Our street officers process the small crime scenes (fingerprints, photographs done by supervisors...burglary's, some shootings, armed robbery, etc). Any blood collection or a major crime scene (homicide or major Assault with Dangerous/Deadly Weapon, officer involved shooting, etc) we call out our Crime Scene Unit, which is comprised of uniformed officers who have been through intensive specialized training. We only have 1 or 2 crime scene unit officers working per shift so they stay very busy.

Detective_coin_max50

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Rate This | Posted almost 7 years ago

 

Oso337 said:

Ever see CSI Las Vegas? Well if you have you know what ours do........................... NOT!!

Yes they process the crime scenes, but NO the don't tell Detectives what to do and they DONT interview suspects.

akhunter, I did not see your post, but to answer your question our agency went away from commissioned crime scene analysts long ago, it is less expensive to have a civilian, and in addition the specialization required lends itself better to having a civilian as opposed to commissioned since commissioned tend to move around more and promote.

Thanks for the response, you are on track with my thoughts and what I am trying to document. I hear it's kind of the trend state side.

Marvin_max50

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Rate This | Posted over 6 years ago

 

I agree with Oso337, in my department, where I am a Crime Scene Investigator, we do not tell the detectives what to do. We are utilized at large scenes including Homicides (really any unidentified death), Armed Robberies, Sexual Assualts, and we do follow-ups. Burglary detectives handle their own, unless it can be considered a serial burglar, or its a large business or government building. We do not do car burglaries, that would require another whole division just for those. We are police officers, and our division has always used police officers. We teach our academy trainees how to process basic scenes, and we have retrainers for current officers. All new detectives go through an additional crime scene processing class, so they don't watch shows like CSI and think we can get DNA in 5 minutes.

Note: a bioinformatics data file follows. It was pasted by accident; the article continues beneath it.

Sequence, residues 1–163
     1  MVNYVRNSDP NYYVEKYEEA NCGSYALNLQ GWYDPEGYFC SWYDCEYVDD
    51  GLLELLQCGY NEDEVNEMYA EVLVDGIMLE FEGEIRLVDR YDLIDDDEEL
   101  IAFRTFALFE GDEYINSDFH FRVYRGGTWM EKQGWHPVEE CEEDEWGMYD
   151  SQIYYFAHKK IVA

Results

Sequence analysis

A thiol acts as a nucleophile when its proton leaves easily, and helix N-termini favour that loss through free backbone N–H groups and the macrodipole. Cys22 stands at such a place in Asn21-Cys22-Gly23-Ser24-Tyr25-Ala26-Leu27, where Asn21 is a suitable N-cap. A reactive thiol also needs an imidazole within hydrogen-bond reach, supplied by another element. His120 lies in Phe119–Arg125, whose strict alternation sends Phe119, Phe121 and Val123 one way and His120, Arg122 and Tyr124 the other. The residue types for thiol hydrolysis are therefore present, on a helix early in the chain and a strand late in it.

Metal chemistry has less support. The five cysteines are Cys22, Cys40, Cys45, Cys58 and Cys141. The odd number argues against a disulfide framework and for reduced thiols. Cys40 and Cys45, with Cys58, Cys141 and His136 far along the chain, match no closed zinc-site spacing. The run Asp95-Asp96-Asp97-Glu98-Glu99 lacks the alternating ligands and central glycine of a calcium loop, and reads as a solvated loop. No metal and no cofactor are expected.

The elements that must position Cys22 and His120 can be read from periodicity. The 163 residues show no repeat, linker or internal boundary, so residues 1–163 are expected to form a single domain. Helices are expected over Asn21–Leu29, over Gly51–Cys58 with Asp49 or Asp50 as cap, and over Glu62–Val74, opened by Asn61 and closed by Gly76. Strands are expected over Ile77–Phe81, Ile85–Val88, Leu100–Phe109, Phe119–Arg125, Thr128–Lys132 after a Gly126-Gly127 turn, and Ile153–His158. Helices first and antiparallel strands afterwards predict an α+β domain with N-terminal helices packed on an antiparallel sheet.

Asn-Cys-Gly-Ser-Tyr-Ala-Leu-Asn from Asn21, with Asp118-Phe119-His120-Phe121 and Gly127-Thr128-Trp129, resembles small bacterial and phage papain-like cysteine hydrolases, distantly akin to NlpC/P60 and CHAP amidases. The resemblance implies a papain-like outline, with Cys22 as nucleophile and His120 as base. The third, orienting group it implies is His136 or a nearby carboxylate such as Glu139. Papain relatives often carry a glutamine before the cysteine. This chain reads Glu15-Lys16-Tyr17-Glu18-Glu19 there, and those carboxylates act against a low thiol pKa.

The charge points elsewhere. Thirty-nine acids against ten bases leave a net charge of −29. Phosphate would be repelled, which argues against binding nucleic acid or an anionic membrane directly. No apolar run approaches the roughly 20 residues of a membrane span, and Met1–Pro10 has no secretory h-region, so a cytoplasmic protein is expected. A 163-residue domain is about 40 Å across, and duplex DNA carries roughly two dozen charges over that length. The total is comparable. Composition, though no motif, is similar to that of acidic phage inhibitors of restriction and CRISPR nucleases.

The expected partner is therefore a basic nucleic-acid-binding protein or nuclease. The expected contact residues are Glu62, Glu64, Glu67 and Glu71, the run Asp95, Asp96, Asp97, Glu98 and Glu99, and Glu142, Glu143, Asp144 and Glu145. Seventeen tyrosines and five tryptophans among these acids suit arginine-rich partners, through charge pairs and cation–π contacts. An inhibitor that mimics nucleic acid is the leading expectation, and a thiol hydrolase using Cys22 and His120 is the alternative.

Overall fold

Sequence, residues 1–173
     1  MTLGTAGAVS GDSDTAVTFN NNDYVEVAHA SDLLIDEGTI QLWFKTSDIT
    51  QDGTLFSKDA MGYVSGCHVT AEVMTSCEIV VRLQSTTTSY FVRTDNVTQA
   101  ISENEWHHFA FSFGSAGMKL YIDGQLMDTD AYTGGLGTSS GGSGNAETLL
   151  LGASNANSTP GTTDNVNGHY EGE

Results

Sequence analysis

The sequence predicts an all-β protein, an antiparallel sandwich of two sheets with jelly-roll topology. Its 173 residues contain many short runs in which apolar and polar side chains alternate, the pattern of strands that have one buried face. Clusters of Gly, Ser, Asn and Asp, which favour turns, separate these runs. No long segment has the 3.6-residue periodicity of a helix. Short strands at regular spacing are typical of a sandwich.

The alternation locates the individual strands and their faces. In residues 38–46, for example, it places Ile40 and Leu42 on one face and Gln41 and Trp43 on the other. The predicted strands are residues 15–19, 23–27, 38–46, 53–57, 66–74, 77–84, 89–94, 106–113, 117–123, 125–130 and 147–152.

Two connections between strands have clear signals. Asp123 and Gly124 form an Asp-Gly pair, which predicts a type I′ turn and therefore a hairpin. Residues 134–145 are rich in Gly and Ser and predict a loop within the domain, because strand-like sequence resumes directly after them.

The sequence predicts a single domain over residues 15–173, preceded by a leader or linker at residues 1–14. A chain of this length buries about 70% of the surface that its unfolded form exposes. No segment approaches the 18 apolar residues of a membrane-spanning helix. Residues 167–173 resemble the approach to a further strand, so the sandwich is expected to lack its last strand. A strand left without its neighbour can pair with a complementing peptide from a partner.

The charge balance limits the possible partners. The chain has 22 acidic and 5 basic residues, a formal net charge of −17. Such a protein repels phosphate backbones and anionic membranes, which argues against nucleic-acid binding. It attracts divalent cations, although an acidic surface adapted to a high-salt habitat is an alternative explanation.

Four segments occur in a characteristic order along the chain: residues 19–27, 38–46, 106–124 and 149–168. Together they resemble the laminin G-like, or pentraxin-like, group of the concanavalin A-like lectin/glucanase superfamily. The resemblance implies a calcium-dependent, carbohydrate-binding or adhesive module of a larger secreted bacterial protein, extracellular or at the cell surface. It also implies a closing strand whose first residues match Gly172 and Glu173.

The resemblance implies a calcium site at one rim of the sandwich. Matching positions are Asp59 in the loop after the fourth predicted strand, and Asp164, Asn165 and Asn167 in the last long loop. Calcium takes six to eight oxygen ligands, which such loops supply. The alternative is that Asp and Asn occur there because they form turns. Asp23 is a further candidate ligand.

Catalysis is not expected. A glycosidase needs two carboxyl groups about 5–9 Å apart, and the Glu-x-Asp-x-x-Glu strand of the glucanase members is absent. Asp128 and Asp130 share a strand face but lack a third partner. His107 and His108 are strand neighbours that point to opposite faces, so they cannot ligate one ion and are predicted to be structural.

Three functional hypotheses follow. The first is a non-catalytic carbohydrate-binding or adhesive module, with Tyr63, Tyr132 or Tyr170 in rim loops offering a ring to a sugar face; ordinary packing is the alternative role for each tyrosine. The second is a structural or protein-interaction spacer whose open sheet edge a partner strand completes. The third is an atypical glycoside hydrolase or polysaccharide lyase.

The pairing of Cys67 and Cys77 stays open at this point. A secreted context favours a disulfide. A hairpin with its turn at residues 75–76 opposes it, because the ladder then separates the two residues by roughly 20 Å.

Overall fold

Att00065_max50

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Rate This | Posted about 6 years ago

 

In our department we have a small division, which rolls on any calls by the patrol division, the detectives and anyone else who calls. They can call us out on anything and do. If it sounds  like we're swamped with calls it's because we are. Our division is still at the same staffing levels as the late sixties when the Crime Scene division handle eight calls a week. Once I had to photograph the fence that replaced the old fence which was torn down by a burglar the week before. The patrol deputy did this because his rank wouldn't let him handle a supplemental report to a burglary without calling for crime scene.

Copdonut_max50

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Rate This | Posted about 6 years ago

 

I was a Crime Scene Investigator (Evidence Crew) for my department for 9 years before getting promoted to Sergeant.  In our department our C.S.I. unit is combined with our Latent Print/I.D. section.


Our C.S.I. unit has 8 members that cover the city 24/7.  They work out of a garage behind one of our police districts and drive full size pick up trucks with utility boxes on the back.  They do not answer calls for service, staying available to answer beat cars requests for evidence unit.


Our policy indicates that Crime Scene Investigations will be called whenever the beat car determines that the need for specialized collection or preservation of evidence is needed.  Could be a multiple homicide which I did by myself, or to process a spray can that some vandal sprayed the railroad overpass with.


CSI (Miami/Ney York/Las Vegas/ et al) have made that job a lot tougher as everyone thinks they are a forensic scientist.  Whenever I would go to someones house to process their burglary and they would say.."Oh I watch CSI all the time" my favorite response was to reply.."Well your about to be severely disappointed then".